Bausch discontinued its product. When a new company, Rising Pharmaceuticals, secured FDA approval for a US version of EDTA, it ended the ability to import the French one, although the company says the remainder of what’s already in the US can still be ordered.

The Rising drug has a wholesale acquisition cost of more than $32,000 per course of treatment, according to data shared by Erin Fox, a drug shortages expert and associate chief pharmacy officer at University of Utah Health.

That’s more than eight times higher than the imported French version’s price.

“We still have a long way to go to address the problem of high drug prices in the US,” said Dr. Aaron Kesselheim, a professor of medicine at Harvard Medical School and director of the Program on Regulations, Therapeutics and Law in the Division of Pharmacoepidemiology and Pharmacoeconomics at Brigham and Women’s Hospital.

Even after so much backlash about its previous price increase, the fact that EDTA now costs even more with a new maker shows “that the problem with high drug prices is not limited to specific manufacturers but is a more systematic issue with the approach we take that allows profit-driven decisions to put patients at risk,” he said.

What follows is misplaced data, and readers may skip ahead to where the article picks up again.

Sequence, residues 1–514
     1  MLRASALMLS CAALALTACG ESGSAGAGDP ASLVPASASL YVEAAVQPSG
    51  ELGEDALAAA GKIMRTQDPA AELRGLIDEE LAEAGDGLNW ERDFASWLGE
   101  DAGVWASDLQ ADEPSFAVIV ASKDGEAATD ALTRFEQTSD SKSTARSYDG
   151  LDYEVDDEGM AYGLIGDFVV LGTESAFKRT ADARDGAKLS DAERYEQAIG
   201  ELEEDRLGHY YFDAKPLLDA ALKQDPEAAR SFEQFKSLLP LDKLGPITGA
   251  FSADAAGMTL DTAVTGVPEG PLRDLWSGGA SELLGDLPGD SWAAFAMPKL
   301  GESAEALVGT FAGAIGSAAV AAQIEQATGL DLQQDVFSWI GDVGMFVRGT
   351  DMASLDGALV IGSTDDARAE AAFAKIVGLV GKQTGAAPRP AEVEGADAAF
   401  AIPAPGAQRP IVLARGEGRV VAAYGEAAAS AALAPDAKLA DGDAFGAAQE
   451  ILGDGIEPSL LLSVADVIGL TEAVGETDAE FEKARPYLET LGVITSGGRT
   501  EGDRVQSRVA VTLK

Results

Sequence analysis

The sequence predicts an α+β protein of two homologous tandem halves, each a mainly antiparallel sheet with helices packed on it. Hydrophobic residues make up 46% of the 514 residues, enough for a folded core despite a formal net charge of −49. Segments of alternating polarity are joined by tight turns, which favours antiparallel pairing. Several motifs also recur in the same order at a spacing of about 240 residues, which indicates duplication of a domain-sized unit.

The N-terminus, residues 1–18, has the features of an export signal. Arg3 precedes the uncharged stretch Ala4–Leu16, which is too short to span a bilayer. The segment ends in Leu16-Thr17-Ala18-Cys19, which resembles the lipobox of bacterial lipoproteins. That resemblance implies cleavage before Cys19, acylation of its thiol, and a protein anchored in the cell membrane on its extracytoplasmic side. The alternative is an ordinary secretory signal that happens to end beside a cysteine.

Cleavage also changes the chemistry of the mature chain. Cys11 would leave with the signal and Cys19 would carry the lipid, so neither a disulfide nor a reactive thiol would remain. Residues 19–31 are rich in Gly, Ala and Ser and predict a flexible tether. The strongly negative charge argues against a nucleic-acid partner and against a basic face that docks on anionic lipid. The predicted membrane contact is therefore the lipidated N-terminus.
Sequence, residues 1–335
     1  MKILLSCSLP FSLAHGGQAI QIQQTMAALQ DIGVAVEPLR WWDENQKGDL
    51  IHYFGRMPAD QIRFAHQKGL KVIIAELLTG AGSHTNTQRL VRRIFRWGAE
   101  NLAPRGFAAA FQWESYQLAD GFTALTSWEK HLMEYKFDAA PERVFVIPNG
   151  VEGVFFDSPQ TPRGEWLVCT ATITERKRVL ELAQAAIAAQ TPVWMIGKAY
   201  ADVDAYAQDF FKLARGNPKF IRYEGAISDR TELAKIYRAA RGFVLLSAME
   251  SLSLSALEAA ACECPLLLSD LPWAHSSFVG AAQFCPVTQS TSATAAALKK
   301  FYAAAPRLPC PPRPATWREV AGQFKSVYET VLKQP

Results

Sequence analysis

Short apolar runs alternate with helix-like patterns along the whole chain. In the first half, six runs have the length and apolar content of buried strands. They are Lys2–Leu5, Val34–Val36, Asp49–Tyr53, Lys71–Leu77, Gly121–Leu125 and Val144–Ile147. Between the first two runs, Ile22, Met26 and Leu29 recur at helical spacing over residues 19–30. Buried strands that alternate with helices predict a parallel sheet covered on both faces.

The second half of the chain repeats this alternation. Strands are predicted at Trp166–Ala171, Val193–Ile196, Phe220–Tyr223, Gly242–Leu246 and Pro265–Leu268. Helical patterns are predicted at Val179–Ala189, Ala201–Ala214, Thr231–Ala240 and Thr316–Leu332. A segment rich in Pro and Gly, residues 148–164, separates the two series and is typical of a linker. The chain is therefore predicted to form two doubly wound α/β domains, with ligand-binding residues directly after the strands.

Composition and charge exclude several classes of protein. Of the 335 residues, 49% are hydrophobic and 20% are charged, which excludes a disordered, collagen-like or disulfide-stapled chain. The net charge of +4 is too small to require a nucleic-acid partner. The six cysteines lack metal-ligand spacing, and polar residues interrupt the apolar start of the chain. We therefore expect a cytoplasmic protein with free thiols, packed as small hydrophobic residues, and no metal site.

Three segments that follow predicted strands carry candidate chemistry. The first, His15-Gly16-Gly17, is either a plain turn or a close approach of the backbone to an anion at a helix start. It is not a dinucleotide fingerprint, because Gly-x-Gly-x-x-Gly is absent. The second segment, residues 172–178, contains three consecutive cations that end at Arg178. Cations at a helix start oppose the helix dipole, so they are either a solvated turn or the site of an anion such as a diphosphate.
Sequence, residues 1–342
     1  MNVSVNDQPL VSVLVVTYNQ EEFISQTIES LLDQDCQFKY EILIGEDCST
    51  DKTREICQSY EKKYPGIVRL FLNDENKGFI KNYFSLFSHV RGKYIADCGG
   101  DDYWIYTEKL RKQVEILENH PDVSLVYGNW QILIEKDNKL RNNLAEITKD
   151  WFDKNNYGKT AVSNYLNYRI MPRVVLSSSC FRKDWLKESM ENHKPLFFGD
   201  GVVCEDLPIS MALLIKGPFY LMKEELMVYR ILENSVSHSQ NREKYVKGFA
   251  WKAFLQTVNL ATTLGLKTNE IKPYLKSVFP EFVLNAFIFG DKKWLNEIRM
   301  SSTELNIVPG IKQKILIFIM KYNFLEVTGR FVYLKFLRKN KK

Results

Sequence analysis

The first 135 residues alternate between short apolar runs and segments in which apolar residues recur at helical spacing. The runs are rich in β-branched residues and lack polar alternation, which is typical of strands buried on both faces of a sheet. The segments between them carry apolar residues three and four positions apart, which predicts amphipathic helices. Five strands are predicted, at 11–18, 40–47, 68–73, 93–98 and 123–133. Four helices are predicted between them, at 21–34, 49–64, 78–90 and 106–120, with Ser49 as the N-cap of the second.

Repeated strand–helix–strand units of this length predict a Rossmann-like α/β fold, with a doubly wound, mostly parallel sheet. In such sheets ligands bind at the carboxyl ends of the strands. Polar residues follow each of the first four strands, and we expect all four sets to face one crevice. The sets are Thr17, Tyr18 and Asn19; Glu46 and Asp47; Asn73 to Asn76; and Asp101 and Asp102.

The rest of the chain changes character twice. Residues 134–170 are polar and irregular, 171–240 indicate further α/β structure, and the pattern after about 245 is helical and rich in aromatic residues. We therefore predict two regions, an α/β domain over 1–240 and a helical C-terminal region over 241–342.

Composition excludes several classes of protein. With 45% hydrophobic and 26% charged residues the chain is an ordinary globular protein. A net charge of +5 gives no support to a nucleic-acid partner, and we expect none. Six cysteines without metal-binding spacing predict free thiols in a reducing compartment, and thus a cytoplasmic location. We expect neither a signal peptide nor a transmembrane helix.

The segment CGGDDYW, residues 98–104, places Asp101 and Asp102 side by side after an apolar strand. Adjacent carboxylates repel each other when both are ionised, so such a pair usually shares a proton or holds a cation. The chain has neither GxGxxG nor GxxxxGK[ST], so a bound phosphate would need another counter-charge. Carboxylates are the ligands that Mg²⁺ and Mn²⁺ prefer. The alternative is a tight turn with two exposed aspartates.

Rising Pharmaceuticals didn’t respond to CNN’s requests for comment.

At EDTA’s new price, it could cost almost $50,000 to stock the recommended amount in a hospital, said Kait Brown, clinical managing director for America’s Poison Centers.

“The reality that we’re looking at is, we have hospitals that may be limited in resources to stock these antidotes,” Brown said.

EDTA is one of three main drugs used for what’s known as chelation therapy, when blood lead levels become very high – typically a threshold of more than 45 micrograms per deciliter, explained Dr. Kevin Osterhoudt, medical director of the Poison Control Center at Children’s Hospital of Philadelphia.

He describes lead like “a burglar who creeps undetected in children’s homes and robs them of their potential,” because even low levels are toxic to brain cells and nerves and can lead to lower IQ scores and cognitive deficits. Often, kids are exposed because of lead paint in homes, and their exposure can build up over time.

Most recently, kids have been exposed to lead in some cinnamon applesauce pouches, with reports of more than 60 potential cases among kids under 6. The FDA is investigating the source of the contamination, believed potentially to be cinnamon from a distributor in Ecuador.